Kelsey Parrasch, a fourth-grade teacher in Edgewater, New Jersey, still remembers the fun of choosing a title from Scholastic Book Clubs as a child, the anticipation of waiting for the package to arrive, and the thrill of finally holding the crisp, new book in her hands.

“I loved seeing that box full of books arrive in my teacher’s classroom,” Parrasch recalls. “It still gives me that same excitement—maybe even more, now that I’m sharing it with my students. It’s that excitement of knowing these books are going to transport you to a whole other place.”

Children and teachers have been building their reading skills and classroom libraries with Scholastic Book Clubs for decades. But while many teachers have fond memories of the program from their time as students, some might not realize how they can best use it today.

“Clubs offers teachers the opportunity to get free books and other resources for their classroom,” notes Stella Castilla, assistant director of Scholastic’s Book Clubs Ambassador program and a former elementary school teacher. “Often, teachers don’t understand what the program is, how it’s changed over the years, and how they can benefit from it.”

Want to find out how to get the most out of Book Clubs, including bonus points, author visits, and more? Read on for fellow teachers’ top tips!

1 | Jazz Up Those Letters Home

From Picture Day forms to field trip permission slips, parents have to slog through a lot of paper in their kids’ take-home folders. A cover letter with some key bulleted points stands out and can help get parents on board with Book Clubs; there’s even a template, in multiple languages, available online. (If you haven’t already done it, set up your teacher account at clubs.scholastic.com. It takes two minutes, and the letter template will be waiting for you in the Teacher’s Desk tab!)

Stacey Riedmiller, a fourth-grade teacher in Reading, Ohio, and a blogger at Literacy for Big Kids, says that she has added hundreds of free books to her classroom library through Book Clubs. Her suggestion of information to include in a letter home: your class online activation code (also found at the Teacher’s Desk tab), monthly book suggestions, a wish list section for kids to fill out, and the Book Clubs’ website address. She also suggests noting the number of free books from previous orders: “This helps parents see that their money supports the class in a big way!” And she and others say that when putting together your letter, you should punch it up with bright colors and graphics to help it stand out.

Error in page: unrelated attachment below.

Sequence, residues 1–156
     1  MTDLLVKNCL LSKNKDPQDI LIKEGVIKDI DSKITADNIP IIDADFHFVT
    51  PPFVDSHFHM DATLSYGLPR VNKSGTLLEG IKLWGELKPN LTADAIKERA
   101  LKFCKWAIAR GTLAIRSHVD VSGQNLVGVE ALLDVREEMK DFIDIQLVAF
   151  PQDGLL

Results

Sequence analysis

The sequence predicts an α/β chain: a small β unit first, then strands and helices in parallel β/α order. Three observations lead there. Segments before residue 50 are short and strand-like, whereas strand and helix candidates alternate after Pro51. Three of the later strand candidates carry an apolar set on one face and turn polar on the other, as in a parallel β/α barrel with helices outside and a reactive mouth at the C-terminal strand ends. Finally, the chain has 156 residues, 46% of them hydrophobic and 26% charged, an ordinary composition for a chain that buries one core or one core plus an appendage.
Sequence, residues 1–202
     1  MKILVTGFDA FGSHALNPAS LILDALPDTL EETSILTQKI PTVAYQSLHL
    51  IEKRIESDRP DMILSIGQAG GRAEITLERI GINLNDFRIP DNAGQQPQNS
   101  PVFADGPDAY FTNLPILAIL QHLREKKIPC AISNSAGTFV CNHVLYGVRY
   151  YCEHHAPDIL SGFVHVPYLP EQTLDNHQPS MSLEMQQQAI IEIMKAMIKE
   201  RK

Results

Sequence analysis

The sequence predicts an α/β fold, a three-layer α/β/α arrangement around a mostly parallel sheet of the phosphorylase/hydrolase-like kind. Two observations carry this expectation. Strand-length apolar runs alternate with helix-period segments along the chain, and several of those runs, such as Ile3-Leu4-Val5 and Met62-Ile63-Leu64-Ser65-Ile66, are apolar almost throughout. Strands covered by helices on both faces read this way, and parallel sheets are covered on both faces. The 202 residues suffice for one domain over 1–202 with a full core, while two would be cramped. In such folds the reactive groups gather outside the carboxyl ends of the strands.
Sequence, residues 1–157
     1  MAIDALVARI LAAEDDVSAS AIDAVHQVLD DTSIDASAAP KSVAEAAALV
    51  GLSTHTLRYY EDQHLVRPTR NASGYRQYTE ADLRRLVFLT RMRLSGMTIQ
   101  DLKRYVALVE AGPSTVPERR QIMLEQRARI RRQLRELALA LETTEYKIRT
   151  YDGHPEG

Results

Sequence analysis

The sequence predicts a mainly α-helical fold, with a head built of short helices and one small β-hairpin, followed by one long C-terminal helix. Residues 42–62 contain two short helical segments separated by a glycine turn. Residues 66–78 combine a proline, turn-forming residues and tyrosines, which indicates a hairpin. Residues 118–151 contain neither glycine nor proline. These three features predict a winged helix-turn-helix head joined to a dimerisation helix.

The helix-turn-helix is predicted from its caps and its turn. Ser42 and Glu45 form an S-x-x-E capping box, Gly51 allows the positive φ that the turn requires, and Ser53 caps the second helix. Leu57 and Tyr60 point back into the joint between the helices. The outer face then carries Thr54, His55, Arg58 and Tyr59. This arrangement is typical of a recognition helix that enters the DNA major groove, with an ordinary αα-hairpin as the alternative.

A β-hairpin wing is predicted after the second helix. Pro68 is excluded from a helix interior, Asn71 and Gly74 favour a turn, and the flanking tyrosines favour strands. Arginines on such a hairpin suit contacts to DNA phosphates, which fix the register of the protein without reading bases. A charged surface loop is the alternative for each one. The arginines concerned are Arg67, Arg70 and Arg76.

Finally, consider briefly talking to parents during Back to School Night about how Book Clubs can help their kids—and the classroom.

2 | Hunt for Deals and Vie for Prizes

Subscribers to the Book Clubs blog (Judy Newman at Scholastic) get an early peek at “Dollar Deal” books, available for a buck apiece. Recent $1 selections include The Chronicles of Narnia: The Lion, the Witch and the Wardrobe and Flat Stanley: His Original Adventure!

Teachers say that the $1 books—and the abundance of titles under $5—help give every student the chance to buy an affordable book.

Lauren Hepworth, a third-grade teacher in Palm Beach County, Florida, buys a coupon booklet, available at the beginning of the year, and then distributes free-book coupons to students for prizes and as holiday gifts.

“It only costs me a little over a dollar for each kid to have a $5 book,” she says.

Subscribers to the Book Clubs blog also have the chance to win prizes, including classroom visits from authors. Past visiting authors include Eric Litwin (Pete the Cat books) and Kate DiCamillo!

3 | Go Digital for Your Sake, and for Parents!

Don’t want to handle cash or hassle with checks? Have parents use your classroom code to order directly from the Book Clubs website. “The online ordering makes it easy,” says Heather Randazzo, a first-grade teacher in Parkland, Florida. “Plus, when they go online, parents can search for any book they want! They’re not limited to what’s in the catalog.” You can even leave an online note for parents, or add books to a classroom wish list.

Since it’s gone digital, the program has become simpler. Years ago, says Lynnette Lev, a second-grade teacher in Austin, Texas, she had to keep copies of the completed paper order forms, and then match them up with the delivered titles to figure out who ordered what (veteran teachers will remember this). Thankfully, it’s simple to place orders online, and the books arrive with information about which student ordered them. “I don’t know how much easier it could be!” says Lev.

4 | Send Home Multiple Catalogs

Hepworth advises teachers to send home multiple fliers at once—one for the grade level they teach, one for a higher or lower grade level (or both), and a specialty flier—to give kids as many options as possible.

“I usually send out three catalogs, so that I know I’m hitting everyone’s price point and everyone’s interests,” she says.